Plaques and Tangles (Royal Court)
Nicola Wilson's debut is a 'soupy, sentimental mish-mash'.
There's been a glut of plays about neurological damage recently – from Florian Zeller's The Father, still playing in the West End, to Incognito by Nick Payne, soon to start in New York, via Melanie Wilson's Autobiographer. Plaques and Tangles is the worst of them.
Nicola Wilson's debut is a soupy, sentimental mish-mash; as pat as it is portentous. It's hard to know whether dodgy direction and design have scuppered her script, or whether Wilson's writing is itself unfixable. Sadly I suspect, it's a bit of both. Everything drags everything else down.
Why this fixation with dementia? As more and more of us succumb to it – some two million by 2051 – these plays portray our likely fate. Actually, they show us the fate we fear. Dementia is perhaps the ultimate tragedy of individualism: to lose one's mind is to lose one's self. All those memories, carefully cultivated over a lifetime, dissolving into nothing.
Megan (Monica Dolan) has early onset Alzheimer's – F.A.D. to be precise, Familial Alzheimer's Disease, passed from parent to child. It killed her mother at 48, as she drove the wrong way down the motorway. Megan's 45. Dolan plays her like someone thinking in ellipses. Her brain seems to bunny-hop – lucid one moment, gurgling the next.
Like Zeller though, Wilson reminds us that dementia drags others down with it: those lives lost to care-giving, the agony of watching a loved one disintegrate, of being forgotten, of having to repeat yourself over and over. "I'll be dead before it's over," Megan explains. It's her husband Jez (Ferdy Roberts) and her two children that have to live with the disease.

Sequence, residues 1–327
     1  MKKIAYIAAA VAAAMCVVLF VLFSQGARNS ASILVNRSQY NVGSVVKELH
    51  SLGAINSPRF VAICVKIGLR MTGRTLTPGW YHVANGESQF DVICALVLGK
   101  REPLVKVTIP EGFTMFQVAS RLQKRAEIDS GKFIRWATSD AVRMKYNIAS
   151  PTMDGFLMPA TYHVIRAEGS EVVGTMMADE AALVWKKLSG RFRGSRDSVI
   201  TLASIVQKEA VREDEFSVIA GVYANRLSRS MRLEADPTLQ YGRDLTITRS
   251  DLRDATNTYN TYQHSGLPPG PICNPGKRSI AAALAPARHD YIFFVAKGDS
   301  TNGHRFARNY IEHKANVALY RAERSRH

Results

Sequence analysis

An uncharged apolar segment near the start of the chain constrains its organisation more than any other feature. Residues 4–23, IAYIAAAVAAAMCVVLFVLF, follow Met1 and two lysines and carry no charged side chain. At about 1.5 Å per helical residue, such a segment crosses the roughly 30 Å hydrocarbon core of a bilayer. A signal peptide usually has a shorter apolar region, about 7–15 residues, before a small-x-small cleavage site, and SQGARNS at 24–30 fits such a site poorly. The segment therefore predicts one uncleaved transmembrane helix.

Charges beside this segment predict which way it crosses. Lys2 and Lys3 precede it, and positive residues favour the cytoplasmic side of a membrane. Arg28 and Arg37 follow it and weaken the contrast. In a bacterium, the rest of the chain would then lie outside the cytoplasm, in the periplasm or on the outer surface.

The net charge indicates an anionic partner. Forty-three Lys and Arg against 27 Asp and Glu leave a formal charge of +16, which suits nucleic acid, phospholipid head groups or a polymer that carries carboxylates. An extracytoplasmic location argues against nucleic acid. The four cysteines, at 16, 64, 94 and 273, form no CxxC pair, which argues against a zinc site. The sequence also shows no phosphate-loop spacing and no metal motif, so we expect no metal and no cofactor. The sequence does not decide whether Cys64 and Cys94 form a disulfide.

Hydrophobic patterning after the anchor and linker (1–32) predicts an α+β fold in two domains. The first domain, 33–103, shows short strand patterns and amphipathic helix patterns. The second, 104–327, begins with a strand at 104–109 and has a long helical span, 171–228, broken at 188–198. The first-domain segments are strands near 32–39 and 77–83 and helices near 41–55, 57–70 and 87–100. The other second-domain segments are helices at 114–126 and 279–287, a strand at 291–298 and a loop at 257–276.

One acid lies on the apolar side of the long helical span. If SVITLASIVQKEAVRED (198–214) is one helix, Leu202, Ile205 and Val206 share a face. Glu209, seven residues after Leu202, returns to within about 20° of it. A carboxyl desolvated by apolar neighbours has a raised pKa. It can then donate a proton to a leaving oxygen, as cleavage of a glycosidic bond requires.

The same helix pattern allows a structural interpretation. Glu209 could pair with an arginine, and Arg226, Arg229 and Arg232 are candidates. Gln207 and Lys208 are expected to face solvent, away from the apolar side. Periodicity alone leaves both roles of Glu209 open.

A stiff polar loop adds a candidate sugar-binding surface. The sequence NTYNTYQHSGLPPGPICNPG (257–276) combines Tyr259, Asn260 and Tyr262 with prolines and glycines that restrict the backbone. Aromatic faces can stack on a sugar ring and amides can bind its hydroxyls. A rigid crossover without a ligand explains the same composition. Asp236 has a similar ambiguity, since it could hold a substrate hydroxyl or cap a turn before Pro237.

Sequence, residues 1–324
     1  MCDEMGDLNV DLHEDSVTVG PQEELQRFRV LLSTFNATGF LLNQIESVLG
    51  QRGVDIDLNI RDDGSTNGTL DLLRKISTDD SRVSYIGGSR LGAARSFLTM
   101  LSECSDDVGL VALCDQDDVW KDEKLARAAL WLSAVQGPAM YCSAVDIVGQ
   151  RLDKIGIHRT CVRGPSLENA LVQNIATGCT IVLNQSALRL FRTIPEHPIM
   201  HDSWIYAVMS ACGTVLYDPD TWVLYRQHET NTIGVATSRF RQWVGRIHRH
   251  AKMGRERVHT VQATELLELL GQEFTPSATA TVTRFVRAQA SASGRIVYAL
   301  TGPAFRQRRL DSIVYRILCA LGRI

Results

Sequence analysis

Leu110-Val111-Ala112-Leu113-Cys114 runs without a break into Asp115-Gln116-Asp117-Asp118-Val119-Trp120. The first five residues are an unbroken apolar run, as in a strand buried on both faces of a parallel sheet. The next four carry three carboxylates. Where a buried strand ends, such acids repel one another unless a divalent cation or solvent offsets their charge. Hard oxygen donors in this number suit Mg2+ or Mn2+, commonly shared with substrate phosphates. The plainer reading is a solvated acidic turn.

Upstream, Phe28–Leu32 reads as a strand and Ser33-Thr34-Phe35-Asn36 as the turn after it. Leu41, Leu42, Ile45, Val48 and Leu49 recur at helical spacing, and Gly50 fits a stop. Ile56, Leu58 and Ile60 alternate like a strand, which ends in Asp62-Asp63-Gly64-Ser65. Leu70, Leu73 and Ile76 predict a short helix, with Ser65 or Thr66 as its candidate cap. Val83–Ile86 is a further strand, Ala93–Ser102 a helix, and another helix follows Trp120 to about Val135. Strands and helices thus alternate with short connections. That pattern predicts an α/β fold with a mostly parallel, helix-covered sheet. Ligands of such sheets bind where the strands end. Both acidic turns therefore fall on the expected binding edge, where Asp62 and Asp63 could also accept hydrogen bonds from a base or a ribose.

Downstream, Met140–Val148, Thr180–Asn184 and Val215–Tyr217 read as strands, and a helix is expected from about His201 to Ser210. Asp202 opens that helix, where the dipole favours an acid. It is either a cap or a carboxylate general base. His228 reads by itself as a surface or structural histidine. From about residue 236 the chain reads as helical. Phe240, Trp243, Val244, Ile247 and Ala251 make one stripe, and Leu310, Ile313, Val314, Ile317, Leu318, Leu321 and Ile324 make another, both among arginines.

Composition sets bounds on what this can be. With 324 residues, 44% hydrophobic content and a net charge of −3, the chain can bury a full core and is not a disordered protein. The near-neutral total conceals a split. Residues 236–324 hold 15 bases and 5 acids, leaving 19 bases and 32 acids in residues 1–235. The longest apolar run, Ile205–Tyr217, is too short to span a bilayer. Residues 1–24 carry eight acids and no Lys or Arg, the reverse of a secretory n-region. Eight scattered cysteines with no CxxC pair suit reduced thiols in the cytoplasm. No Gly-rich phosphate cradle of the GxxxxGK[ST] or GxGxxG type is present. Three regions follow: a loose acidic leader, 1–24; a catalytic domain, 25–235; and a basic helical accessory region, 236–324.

At base, it's a play about change and uncertainty, as much as it is about memory. At 21, Megan (played, young, by Rosalind Eleazar, a brilliant debut) faces a choice: she can find out whether or not she carries the genes or live life not knowing until symptoms set in. It's not clear whether we're watching old Megan's memories – warped and distorted, flooded with associations – or young Megan's imagination.
Either way, Lucy Morrison's production never finds the slipperiness or the fluidity of thought, not least because Andrew D Edwards' design is caught between metaphor and representation: a staircase to heaven/the hippocampus on one side of the traverse stage, a double bed on the other. Overhead, there's the obligatory brain-like light sculpture. (See also: Autobiographer, Incognito, The Hard Problem.)
It's a heavy-handed script, the sort in which random tangents about globes and Hawaiian bobtail squid just so happen to be the perfect metaphors for brain functionality. Even the kids toy that interrupts sex is in on the act: ‘A is for Ambulance,' it bleats. Megan's a lexicographer with a first-class English degree because clever folk with dementia are just so much sadder – and we know it's sad because of all the pianos tinkling in the background. Bleurgh.
Plaques and Tangles runs at the Royal Court until 21st November.